Wartime sermons reveal how Jews perceive themselves in relation to the majority society and how Jewish and national values are reconciled when the fate of a nation is at stake. They also illustrate how rabbis guide their communities through the challenges of their times. The sermons reproduced here were delivered by American and British rabbis from across the Jewish spectrum-Orthodox to Liberal, Ashkenazi and Sephardi-from the Napoleonic Wars to the attacks of 9/11. Each sermon is prefaced by a comprehensive introduction explaining the context in which it was delivered. Detailed notes explain allusions unfamiliar to a present-day readership and draw comparisons where appropriate to similar passages in contemporary newspapers and other sermons. A general introduction surveys more broadly the distinctive elements of modern Jewish preaching-the new preaching occasions bound up with the history of the countries in which Jews were living; new modes for the dissemination of the sermons (printed pamphlets and the Jewish and general press), and the emergence of women's voices from the pulpit. It also surveys the distinctive themes of modern Jewish sermons, including responses to Jewish suffering, social justice, eulogies for national leaders, Zionism, and war. What Jewish religious leaders said to their congregations when their countries went to war (or, in some cases, were considering going to war) raises questions of central significance for both modern Jewish history and religious thinking in the civic context. What evidence do these sermons present concerning the degree of patriotism felt by Jews? Where and when do we find examples of dissent from the policies taken by their governments, or explicit criticism? What theological problems are raised by the preachers in the context of unprecedented and unimagined destruction, and how do they respond to these problems? How is the enemy presented in these texts? How is the problem of Jews fighting and killing other Jews addressed? Are the preachers functioning to articulate traditions that challenge the consensus of the moment, or as instruments of social control serving the needs of governments looking for unquestioning support from their citizenry? In all these areas, this book makes an important contribution to the American- and Anglo-Jewish history of this period while also making available a collection of mostly unknown Jewish texts produced at dramatic moments of the past two centuries.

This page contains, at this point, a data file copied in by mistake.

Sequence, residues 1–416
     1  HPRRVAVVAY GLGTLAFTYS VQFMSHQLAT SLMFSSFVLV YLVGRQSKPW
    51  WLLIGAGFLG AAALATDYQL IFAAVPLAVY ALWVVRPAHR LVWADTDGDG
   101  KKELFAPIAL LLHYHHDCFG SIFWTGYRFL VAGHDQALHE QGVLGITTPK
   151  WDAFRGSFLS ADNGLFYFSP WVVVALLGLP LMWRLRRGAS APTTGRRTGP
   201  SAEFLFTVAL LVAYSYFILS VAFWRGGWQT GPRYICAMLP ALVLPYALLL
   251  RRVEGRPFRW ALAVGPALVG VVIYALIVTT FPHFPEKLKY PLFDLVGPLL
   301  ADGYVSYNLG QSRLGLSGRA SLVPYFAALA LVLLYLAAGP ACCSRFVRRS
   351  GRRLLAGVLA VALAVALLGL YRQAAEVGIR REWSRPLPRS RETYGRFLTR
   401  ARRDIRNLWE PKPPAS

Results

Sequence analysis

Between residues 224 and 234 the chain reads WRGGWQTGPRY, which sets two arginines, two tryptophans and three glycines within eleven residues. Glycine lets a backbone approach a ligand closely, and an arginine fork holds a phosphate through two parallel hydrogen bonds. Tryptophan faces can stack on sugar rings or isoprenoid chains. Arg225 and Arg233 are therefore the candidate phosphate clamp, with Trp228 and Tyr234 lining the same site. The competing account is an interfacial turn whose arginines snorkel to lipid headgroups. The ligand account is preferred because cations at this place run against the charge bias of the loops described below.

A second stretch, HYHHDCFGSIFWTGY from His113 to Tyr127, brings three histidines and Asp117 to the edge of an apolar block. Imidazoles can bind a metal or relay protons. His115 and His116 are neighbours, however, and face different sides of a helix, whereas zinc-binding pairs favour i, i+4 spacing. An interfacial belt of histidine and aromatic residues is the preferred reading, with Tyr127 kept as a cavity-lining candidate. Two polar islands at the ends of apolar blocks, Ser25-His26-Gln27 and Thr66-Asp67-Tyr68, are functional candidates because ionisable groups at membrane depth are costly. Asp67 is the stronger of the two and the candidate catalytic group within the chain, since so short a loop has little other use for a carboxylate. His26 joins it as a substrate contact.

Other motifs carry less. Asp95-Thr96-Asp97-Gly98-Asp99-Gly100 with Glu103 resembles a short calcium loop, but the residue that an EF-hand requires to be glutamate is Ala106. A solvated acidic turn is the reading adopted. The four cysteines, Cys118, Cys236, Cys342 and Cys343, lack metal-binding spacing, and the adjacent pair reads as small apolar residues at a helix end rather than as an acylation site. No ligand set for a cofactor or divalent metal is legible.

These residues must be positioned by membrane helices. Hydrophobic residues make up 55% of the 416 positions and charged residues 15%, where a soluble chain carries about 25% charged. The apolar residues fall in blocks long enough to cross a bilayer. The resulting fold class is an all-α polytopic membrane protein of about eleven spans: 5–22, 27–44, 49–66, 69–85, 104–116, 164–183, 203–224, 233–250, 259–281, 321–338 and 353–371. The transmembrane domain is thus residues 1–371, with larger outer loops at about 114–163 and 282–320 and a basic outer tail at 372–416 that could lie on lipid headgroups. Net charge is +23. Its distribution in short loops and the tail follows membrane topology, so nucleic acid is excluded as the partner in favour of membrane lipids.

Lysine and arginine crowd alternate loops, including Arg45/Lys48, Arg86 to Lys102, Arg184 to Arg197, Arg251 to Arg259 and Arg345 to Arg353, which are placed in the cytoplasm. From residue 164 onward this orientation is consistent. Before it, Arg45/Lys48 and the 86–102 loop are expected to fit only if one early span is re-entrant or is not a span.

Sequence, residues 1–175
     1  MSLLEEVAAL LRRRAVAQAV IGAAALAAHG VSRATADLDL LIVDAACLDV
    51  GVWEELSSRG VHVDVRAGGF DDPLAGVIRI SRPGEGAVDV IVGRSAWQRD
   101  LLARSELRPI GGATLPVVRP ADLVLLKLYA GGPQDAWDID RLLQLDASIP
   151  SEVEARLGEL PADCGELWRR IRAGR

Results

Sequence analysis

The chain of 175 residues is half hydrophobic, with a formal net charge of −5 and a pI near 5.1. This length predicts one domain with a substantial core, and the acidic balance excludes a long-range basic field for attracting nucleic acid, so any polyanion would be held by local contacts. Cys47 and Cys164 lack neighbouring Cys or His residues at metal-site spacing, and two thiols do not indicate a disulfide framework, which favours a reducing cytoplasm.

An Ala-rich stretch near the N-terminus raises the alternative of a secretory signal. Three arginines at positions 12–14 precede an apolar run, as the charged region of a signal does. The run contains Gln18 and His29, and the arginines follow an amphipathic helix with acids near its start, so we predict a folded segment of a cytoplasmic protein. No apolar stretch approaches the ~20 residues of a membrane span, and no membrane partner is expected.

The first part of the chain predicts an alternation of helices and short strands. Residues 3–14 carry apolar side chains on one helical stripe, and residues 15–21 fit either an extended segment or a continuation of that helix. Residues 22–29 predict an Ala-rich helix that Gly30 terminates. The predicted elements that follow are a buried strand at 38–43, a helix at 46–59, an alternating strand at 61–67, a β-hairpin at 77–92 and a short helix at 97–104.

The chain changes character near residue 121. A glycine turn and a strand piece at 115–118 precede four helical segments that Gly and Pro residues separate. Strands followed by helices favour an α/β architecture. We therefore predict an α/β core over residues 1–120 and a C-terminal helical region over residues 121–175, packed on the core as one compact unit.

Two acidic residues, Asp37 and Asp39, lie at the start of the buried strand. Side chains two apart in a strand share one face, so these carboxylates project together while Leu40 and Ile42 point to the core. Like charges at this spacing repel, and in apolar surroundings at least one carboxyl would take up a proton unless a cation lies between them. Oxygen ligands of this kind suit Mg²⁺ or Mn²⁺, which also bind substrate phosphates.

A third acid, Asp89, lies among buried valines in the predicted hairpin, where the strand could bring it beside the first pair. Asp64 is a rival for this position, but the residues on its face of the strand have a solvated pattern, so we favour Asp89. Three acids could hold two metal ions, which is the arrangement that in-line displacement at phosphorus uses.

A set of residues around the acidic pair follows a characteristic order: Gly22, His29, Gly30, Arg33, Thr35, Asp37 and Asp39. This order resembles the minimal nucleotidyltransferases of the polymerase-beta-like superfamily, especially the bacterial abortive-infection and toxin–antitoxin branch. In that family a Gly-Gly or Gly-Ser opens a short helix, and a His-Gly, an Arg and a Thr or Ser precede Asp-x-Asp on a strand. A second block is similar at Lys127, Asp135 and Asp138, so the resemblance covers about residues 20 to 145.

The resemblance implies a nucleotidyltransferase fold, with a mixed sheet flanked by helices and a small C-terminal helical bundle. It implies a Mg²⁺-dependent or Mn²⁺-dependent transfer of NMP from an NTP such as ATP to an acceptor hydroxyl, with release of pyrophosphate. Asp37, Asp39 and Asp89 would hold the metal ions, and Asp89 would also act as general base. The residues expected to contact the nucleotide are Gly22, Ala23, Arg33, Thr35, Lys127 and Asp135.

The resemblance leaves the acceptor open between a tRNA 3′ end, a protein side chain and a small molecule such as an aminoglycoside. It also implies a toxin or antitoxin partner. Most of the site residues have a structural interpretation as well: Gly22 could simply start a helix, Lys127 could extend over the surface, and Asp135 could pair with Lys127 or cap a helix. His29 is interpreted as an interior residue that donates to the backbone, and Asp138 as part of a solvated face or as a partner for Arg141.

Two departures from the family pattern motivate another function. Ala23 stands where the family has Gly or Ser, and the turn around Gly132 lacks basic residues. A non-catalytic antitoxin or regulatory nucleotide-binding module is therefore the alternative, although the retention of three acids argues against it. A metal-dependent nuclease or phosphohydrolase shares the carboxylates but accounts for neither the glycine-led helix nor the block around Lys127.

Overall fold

Note on Editorial PracticeNote on Transliteration Introduction: Modern Jewish Preaching Part I The Wars of the Napoleonic Era1 Isaac Luria, 'A Penitential Sermon', 19 October 1803, London2 Solomon Hirschel, Sermon of Thanksgiving 'for the Success of His Majesty's Fleet. . . off Trafalgar', 5 December 1805, London3 Gershom Mendes Seixas, 'Fast Day Sermon', 2 February 1814, New York Part II The Wars of the Mid-Nineteenth Century4 David Woolf Marks, 'God Protects our Fatherland', 7 October 1857, London5 M. J. Michelbacher, 'A Sermon Delivered on the Day of Prayer', 27 March 1863, Richmond, Virginia6 Sabato Morais, 'Sermon for the National Fast-Day', 30 April 1863, Philadelphia7 Samuel Myer Isaacs, 'Fast-Day Sermon', 30 April 1863, New York8 David Einhorn, Two Civil War Sermons: a. 'Sermon Delivered on Thanksgiving Day', 26 November 1863, Philadelphia b. 'War with Amalek!', 19 March 1864, Philadelphia9 Isaac Mayer Wise, 'The Fall of the Second French Empire', 9 September 1870, Cincinnati10 Benjamin Artom, 'The War', 17 September 1870, London11 Sabato Morais, 'Thanksgiving Day Sermon', 24 November 1870, Philadelphia Part III The Wars of the Late-Nineteenth Century12 H. Pereira Mendes, 'The Plague of Inconsistency' (selections), 23 April 1898, New York13 Joseph Krauskopf, 'A Time of War, and a Time of Peace', 1 May 1898, Philadelphia14 Hermann Adler, 'Judaism and War', 4 November 1899, London Part IV The First World War15 George (Gedaliah) Silverstone, 'On the Terrible War of 5675', 25 October 1914, Washington, DC16 Morris Joseph, 'Christmas and War', 25 December 1915, London17 Joseph H. Hertz, 'Through Darkness and Death unto Light', 1 January 1916, London18 J. Leonard Levy, 'A Time for War, and a Time for Peace', 8 April 1917, Pittsburgh19 Stephen S. Wise, 'Can We Win the War without Losing America?', 20 May 1917, New York20 Hermann Gollancz, 'Nationalism within Bounds', 7 September 1918, London21 Leo M. Franklin, 'The Lure of Peace', 13 October 1918, Detroit Part V The Second World War22 Abraham H. Feinberg, 'America's Hour of Decision', 19 September 1939, Rockford, Illinois23 Jacob Philip Rudin, 'God in the Blackout', 2 October 1940, Great Neck, New York24 Eliezer Berkovits, Two Second World War Sermons: a. 'On a Strategy of Faith',  May 1941, Leeds b. 'Triumph of the Spirit', 7 September 1941, Leeds25 Maurice N. Eisendrath, 'Blackout: How Long, O Lord, How Long?' 21 September 1941, Toronto26 Israel H. Levinthal, 'Is It Death or Rebirth of the World that We Behold?' 22 September 1941, New York27 Ferdinand M. Isserman, 'The United States Is at War', 12 December 1941, St Louis28 Joseph H. Hertz, 'Civilian Morale', 2 April 1942, London29 Walter Wurzburger, 'The Individual in the Crisis', 9 October 1943, Brighton, Massachusetts30 Roland B. Gittelsohn, 'The Birth of a New Freedom', 14 March 1945, Iwo Jima Part VI Wars of the Later Twentieth Century31 Roland B. Gittelsohn, Two Vietnam War Sermons: a. 'Will There Be a Tomorrow?', 26 September 1965, Boston b. 'Answer to an Anonymous Letter', 26 November 1965, Boston32 Colin Eimer, 'The Falklands Crisis', 14 May 1982, Enfield, London33 Immanuel Jakobovits, 'The Morality of Warfare', 25 May 1982, London Part VII Responses to 9/1134 Three Sermons: a. Elias Lieberman, 'A Sermon', 14 September 2001, Cape Cod, Massachusetts b. Alexandra Wright, 'New York: 11 September 2001', 18 September 2001, Radlett and Bushey, Hertfordshire c. Barry Freundel, 'Twin Towers of Smoke', 15 September 2001, Washington, DC BibliographySource AcknowledgementsIndex of Passages CitedGeneral Index